Programming paradigms and languages

Programming language features exist to provide building blocks to be combined to express programming ideals. Ideally, a programming language should:

  • express ideas directly in the code.
  • express independent ideas independently.
  • express relationships among ideas directly in the code.
  • combine ideas freely.
  • combine ideas only where combinations make sense.
  • express simple ideas simply.

The programming style of a programming language to provide these building blocks may be categorized into programming paradigms. For example, different paradigms may differentiate:

Each of these programming styles has contributed to the synthesis of different programming languages.

A programming language is a set of keywords, symbols, identifiers, and rules by which programmers can communicate instructions to the computer. They follow a set of rules called a syntax.

Programming languages get their basis from formal languages. The purpose of defining a solution in terms of its formal language is to generate an algorithm to solve the underlining problem. An algorithm is a sequence of simple instructions that solve a problem.

Generations of programming language

The evolution of programming language began when the EDSAC (1949) used the first stored computer program in its von Neumann architecture. Programming the EDSAC was in the first generation of programming language.

  • The second generation of programming language is assembly language. Assembly language allows the programmer to use mnemonic instructions instead of remembering instruction numbers. An assembler translates each assembly language mnemonic into its machine language number. For example, on the PDP-11, the operation 24576 can be referenced as ADD in the source code. The four basic arithmetic operations have assembly instructions like ADD, SUB, MUL, and DIV. Computers also have instructions like DW (Define Word) to reserve memory cells. Then the MOV instruction can copy integers between registers and memory.
  • The basic structure of an assembly language statement is a label, operation, operand, and comment.
  • Labels allow the programmer to work with variable names. The assembler will later translate labels into physical memory addresses.
  • Operations allow the programmer to work with mnemonics. The assembler will later translate mnemonics into instruction numbers.
  • Operands tell the assembler which data the operation will process.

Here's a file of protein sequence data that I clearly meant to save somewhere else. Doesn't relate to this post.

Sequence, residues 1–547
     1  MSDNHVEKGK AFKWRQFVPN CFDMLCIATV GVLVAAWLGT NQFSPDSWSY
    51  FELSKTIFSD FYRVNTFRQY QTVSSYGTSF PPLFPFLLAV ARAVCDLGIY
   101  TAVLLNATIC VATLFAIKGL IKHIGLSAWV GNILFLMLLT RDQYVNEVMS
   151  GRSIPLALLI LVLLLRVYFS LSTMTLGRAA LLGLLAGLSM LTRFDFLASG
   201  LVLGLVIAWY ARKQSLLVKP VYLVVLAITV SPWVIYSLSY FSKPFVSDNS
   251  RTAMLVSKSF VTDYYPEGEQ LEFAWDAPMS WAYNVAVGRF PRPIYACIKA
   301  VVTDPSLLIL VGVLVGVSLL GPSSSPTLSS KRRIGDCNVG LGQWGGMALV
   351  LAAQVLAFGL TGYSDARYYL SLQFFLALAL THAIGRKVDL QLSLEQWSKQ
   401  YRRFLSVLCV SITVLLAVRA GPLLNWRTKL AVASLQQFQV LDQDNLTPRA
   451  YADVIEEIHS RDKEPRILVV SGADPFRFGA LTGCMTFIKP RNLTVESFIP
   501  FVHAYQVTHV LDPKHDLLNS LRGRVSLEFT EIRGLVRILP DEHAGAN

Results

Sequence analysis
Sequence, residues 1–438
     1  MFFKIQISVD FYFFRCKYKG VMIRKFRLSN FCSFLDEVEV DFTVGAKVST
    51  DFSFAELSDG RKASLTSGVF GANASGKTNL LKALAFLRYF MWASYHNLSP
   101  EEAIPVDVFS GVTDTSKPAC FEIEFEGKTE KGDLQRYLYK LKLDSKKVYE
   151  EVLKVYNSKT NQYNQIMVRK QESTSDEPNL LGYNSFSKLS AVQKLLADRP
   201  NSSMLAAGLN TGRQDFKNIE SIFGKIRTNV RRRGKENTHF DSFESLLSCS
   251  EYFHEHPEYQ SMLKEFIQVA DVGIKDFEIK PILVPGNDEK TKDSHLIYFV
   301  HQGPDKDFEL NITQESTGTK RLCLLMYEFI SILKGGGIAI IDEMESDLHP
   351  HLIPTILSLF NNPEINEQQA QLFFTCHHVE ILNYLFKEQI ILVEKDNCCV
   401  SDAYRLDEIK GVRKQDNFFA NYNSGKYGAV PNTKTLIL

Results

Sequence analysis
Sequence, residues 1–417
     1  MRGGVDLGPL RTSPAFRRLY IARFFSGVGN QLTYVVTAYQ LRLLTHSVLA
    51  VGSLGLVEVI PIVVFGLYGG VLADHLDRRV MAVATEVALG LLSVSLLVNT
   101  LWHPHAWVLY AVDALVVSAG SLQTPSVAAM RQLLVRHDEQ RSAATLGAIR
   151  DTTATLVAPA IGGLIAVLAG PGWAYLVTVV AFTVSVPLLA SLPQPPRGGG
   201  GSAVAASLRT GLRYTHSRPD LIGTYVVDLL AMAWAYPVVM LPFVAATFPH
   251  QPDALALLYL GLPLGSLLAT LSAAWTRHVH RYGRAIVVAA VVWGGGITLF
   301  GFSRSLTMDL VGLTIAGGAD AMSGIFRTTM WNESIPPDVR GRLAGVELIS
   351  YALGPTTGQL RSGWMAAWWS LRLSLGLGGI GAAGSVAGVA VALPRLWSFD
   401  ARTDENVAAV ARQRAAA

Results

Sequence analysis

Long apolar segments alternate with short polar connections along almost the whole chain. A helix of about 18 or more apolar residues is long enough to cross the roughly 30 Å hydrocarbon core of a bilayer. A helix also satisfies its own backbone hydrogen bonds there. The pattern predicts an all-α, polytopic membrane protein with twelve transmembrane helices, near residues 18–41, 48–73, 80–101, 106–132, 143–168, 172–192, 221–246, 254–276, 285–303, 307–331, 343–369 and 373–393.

• Comments allow the programmer to articulate a narrative because the instructions alone are vague.
The key characteristic of an assembly language program is it forms a one-to-one mapping to its corresponding machine language target.
  • The fourth generation of programming language emphasizes what output results are desired, rather than how programming statements should be constructed. Declarative languages attempt to limit side effects and allow programmers to write code with relatively few errors. One popular fourth generation language is called Structured Query Language (SQL). Database developers no longer need to process each database record one at a time. Also, a simple statement can generate output records without having to understand how they are retrieved.

Imperative languages

A computer program written in an imperative language

Imperative languages specify a sequential algorithm using declarations, expressions, and statements:

  • A declaration introduces a variable name to the computer program and assigns it to a datatype – for example: var x: integer;
  • An expression yields a value – for example: 2 + 2 yields 4
  • A statement might assign an expression to a variable or use the value of a variable to alter the program's control flow – for example: x := 2 + 2; if x = 4 then do_something();

Fortran

FORTRAN (1958) was unveiled as "The IBM Mathematical FORmula TRANslating system." It was designed for scientific calculations, without string handling facilities. Along with declarations, expressions, and statements, it supported:

It succeeded because:

  • programming and debugging costs were below computer running costs.
  • it was supported by IBM.
  • applications at the time were scientific.

However, non-IBM vendors also wrote Fortran compilers, but with a syntax that would likely fail IBM's compiler. The American National Standards Institute (ANSI) developed the first Fortran standard in 1966. In 1978, Fortran 77 became the standard until 1991. Fortran 90 supports:

COBOL

COBOL (1959) stands for "COmmon Business Oriented Language." Fortran manipulated symbols. It was soon realized that symbols did not need to be numbers, so strings were introduced. The US Department of Defense influenced COBOL's development, with Grace Hopper being a major contributor. The statements were English-like and verbose. The goal was to design a language so managers could read the programs. However, the lack of structured statements hindered this goal.

COBOL's development was tightly controlled, so dialects did not emerge to require ANSI standards. As a consequence, it was not changed for 15 years until 1974. The 1990s version did make consequential changes, like object-oriented programming.

Algol

ALGOL (1960) stands for "ALGOrithmic Language." It had a profound influence on programming language design. Emerging from a committee of European and American programming language experts, it used standard mathematical notation and had a readable, structured design. Algol was first to define its syntax using the Backus–Naur form. This led to syntax-directed compilers. It added features like:

Algol's direct descendants include Pascal, Modula-2, Ada, Delphi and Oberon on one branch. On another branch the descendants include C, C++ and Java.

Basic